The ANC’s forked tongues and dithering over e-tolls rings harshly among voters

By Edwin Naidu Time of article published Oct 11, 2021

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Our genial, smiling President Cyril Ramaphosa cannot be likened to the wicked King John from 11th century Britain, nor his henchmen, the evil sheriff of Nottingham, from whose people Robin Hood allegedly stole from the rich to give to the poor.

He is, after all, a family man. Just as we forget that he cares, Ramaphosa plays the grim undertaker addressing the nation now and then on the lockdown levels receding.

Perversely, if the fable that spawned many a movie is true, then the opposite of Robin Hood’s ideology rings true in modern-day South Africa, especially under Ramaphosa’s watch.

During his silent diplomacy leadership under the brazenly corrupt predecessor Jacob Zuma, much has happened that may be described as stealing from the poor while making government fat cats or their wealthy friends rich.

Ramaphosa did nothing. E-tolls also form part of the quick-get-rich off the back of the poor scheme. In fact, in 2015, he announced a hike in e-toll levies. Admittedly, the gallery of rogues is far more comprehensive than e-tolls or the Gupta brothers.

Can you call yourself pro-poor, having helped the Guptas pilfer an estimated R50 billion from our beloved country? Certainly, Ramaphosa and the ANC must dispel the notion that they pay lip service to the poor.

They take from the poor and make the rich richer, thus reducing the economy to ruins, while the poor have been taken for a ride. The Zondo commission has revealed that billions are sitting in Dubai and elsewhere, while the likes of Duduzane Zuma and his ailing dad plead amnesia to state-capture. It is a figment of someone’s imagination; they would have you believe.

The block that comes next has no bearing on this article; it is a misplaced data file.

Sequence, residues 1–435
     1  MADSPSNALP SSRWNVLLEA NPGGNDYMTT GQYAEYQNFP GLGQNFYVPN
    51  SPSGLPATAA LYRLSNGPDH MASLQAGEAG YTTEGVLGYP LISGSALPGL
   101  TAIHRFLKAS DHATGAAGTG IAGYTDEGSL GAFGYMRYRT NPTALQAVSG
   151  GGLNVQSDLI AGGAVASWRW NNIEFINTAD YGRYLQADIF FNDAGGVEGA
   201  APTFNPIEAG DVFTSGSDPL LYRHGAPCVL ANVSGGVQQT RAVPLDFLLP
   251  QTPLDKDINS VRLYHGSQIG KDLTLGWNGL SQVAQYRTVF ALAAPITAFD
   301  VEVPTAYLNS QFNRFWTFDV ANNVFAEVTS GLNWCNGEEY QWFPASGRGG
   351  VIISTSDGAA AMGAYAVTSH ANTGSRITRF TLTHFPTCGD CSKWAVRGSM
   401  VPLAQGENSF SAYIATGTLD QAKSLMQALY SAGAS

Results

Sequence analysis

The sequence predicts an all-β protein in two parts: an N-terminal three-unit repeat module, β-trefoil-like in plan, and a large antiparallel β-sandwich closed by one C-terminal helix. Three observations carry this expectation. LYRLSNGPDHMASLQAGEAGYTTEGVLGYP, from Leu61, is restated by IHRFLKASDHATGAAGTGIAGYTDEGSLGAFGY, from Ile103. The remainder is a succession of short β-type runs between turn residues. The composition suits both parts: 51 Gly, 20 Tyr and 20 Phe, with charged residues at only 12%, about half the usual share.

Indeed, they take us, citizens, for idiots. Through it all, Ramaphosa, too, has paid lip service to corruption – and the poor. Until the big fish responsible for enabling corruption in the nine years of free-for-all connected to the former president are behind bars, we cannot take anything from Ramaphosa at face value.

Similarly, the e-tolls saga is one riddled in controversy – and lies. Someone has benefited handsomely from the multibillion-rand money for mahala gantries. Yet Ramaphosa allows officials under his watch to escape with impunity over its poor treatment of South African citizens.

Keeping promises is not the greatest strength of Transport Minister Fikile Mbalula. He insisted in March that the e-toll saga would be finalised. On May 6, Mbalula told Parliament a decision would be given in two weeks. Five months later, on Thursday, he changed tune. E-tolls are here to stay.

Promises of a better life for all before the country’s first democratic election in 1994 are still empty words on a piece of discarded Reconstruction and Development Programme.

Last month Mbalula’s deputy, new to the hot-seat deputy Sindisiwe Chikunga, insisted that citizens will have to pay e-tolls whether they like it or not. If that is not an F… the poor attitude from a government official, what next should we be surprised to hear that the government has proposed that the Guptas be recognised for their philanthropy building temples in India with money they stole from the poor in South Africa? Nothing surprises anymore. The only certainty when it comes to politicians is nothing coming from their mouths is certain or fills one with hope.

Enter Gauteng MEC Jacob Mamabolo, a junior official in the bigger scheme, who insists that his department remains “firm” in its call for the scrapping of e-tolls. Brave talk.

Mr Flip-Flopper Mbalula, Chikunga, who could pass for the Sheriff of Nottingham with her bullying attitude, and the ineffective Mamabolo have spoken with forked tongues when it comes to e-tolls.